All Buddhist teachers, and I am no exception, point out that all of our happiness as well as all of our despair arise from the mind. When we search for happiness and an end to suffering, the only place to look is within the mind itself. We each contain within ourselves all that we need for personal joy, bliss, wisdom, equanimity, and peace. There is no reason to look to externals or anywhere else. When one truly embraces this thought, there is nothing to fear. We are truly free.
Until we reach this level of spiritual peace, we are in some ways always at the mercy of external circumstances. We will continue to be affected by all events, great and small. The Tibetan text on turning unhappiness into the spiritual path says that "our hair is tangled in a tree," meaning that we are bound up in external circumstances that take over and leave us tied up. In a long prayerful poem, [my late teacher] Dudjom Rinpoche wrote, "May I tie around my head the lead rope that is attached to my own nose," meaning may we realize autonomy and self-mastery, and not always be at the mercy of things outside ourselves.
|Difficulties help free us from our attachment to how we want things to be.|
My teachers would often remind us that obstacles and problems could be viewed as blessings that should not be avoided. Difficulties help free us from our attachment to how we want things to be. In short, they help free us from the fantasies that keep us from awakening to the joy of enlightenment, the bliss of what is. When we take this approach, we find that we are able to see and appreciate the lessons and opportunities in each experience. This applies to both the positive and the negative. Just as we are often fearful and anxious of negative experiences, and thus fail to reap the lessons that are there for us, so too we can so easily overlook and deny the blessings and simple, everyday joys in our lives.
Many seekers today, for example, complain about the level of stress they are under from the pressures of schedules and responsibilities. Often this stress is generated by the demands we place on ourselves to be better parents, friends, partners, employees, employers, neighbors--in short, to be better people. Perhaps instead of viewing our obligations as burdens, we could incorporate them into a spiritual practice with a little prayer that further emphasizes our commitment to the awakened awareness and goodness of heart embodied in the precious Bodhicitta [awakened heart/mind].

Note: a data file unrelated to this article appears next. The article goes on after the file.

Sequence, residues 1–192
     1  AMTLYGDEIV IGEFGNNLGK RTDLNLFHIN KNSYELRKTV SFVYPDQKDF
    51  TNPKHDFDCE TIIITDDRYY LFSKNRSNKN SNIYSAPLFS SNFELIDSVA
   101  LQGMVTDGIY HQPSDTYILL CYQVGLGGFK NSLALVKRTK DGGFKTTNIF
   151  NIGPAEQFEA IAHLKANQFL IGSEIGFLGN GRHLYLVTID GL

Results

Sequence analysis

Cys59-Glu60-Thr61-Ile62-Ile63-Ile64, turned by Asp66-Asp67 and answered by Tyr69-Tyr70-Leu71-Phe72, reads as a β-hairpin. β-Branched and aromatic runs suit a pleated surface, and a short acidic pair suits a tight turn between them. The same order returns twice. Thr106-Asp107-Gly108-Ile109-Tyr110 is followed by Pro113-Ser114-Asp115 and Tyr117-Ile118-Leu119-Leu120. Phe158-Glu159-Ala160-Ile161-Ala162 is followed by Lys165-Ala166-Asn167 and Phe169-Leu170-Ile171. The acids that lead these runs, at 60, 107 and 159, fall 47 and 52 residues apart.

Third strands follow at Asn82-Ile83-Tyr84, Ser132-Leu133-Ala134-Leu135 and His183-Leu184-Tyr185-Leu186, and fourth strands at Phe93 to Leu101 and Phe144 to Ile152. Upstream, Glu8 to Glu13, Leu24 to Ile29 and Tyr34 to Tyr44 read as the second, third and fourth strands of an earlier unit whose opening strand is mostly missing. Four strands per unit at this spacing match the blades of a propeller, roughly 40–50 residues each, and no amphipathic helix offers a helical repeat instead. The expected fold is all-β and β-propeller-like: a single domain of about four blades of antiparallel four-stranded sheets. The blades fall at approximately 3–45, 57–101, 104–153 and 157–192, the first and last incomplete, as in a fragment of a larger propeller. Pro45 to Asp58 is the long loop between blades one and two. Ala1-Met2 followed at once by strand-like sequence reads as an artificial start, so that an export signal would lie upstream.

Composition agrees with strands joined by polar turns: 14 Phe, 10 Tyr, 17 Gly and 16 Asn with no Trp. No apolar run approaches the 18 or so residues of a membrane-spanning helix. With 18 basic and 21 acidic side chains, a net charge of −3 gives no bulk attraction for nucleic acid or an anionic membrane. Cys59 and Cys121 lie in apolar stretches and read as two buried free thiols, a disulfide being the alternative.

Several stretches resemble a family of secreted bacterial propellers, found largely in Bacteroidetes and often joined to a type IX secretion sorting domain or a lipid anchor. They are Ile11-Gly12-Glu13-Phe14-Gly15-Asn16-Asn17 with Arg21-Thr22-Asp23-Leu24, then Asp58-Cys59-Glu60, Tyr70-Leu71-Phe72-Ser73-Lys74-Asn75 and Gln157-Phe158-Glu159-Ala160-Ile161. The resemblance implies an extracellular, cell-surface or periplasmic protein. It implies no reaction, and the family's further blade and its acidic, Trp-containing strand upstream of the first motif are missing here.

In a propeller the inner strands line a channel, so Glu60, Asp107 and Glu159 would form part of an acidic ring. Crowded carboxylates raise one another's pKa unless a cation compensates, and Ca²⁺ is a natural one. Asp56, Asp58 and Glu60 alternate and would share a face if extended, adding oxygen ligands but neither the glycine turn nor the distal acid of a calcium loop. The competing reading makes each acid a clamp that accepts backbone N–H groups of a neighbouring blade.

We cultivate and reinforce our compassionate intentions to do good and to help, not harm, others. Because we love and care about ourselves, we naturally learn more and more to extend ourselves to others since they are really not much different than we are. In this way, each of us can transform and recondition much of our own selfish, egotistical behavior, and be more of a peacemaker and bearer of love, shedding light wherever we go.
We all long for spiritual blessings, protection, and wholeness. Yet it is often appreciated how many blessing we all have within us and in our lives. We remember the old spiritual admonishment, "Count your blessings" as we try not to overlook all that we have been given. Moreover we could practice giving blessings to ourselves and our own hopes and ideals; we could freely offer blessings to others from the fullness of our hearts. We need to over come any tendencies to be stingy with our blessings, mistakenly assuming that blessings come from someone else. Each of us is a blessed one--you too!
When we look at everything we are experiencing--good and bad--with sacred out look and nonjudgmental awareness, we further enhance our personal spiritual growth.The Practice of Pure Perception
One of the unique practices in Tibetan Buddhism is called "dak-nang," the practice of pure perception or sacred outlook. In this practice, we focus our energy on seeing this world as a perfect Buddha Field--a paradise-like realm--with all beings as Buddhas. This a wonderful practice to keep in mind whenever we find ourselves strongly liking or not liking an experience, and event, a feeling, or a person.